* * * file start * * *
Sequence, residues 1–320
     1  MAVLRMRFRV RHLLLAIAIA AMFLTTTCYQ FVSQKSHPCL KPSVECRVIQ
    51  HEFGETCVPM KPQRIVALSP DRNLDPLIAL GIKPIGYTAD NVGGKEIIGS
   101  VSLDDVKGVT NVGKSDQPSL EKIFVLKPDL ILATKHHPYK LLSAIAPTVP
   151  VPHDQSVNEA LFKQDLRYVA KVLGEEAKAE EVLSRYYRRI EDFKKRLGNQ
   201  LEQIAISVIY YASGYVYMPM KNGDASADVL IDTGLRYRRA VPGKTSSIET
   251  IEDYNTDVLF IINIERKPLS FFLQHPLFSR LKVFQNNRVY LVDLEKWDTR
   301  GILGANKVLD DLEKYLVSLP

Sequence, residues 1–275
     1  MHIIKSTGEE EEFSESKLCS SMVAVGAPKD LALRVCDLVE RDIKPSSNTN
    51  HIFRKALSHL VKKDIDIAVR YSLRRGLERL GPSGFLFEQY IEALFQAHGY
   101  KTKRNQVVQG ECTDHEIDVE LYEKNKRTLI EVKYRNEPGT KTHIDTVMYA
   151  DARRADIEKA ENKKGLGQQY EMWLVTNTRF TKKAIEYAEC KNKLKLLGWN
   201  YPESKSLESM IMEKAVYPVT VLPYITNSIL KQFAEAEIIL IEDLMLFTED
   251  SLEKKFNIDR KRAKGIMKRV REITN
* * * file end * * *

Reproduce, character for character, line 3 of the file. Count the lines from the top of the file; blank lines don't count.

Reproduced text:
    51  HEFGETCVPM KPQRIVALSP DRNLDPLIAL GIKPIGYTAD NVGGKEIIGS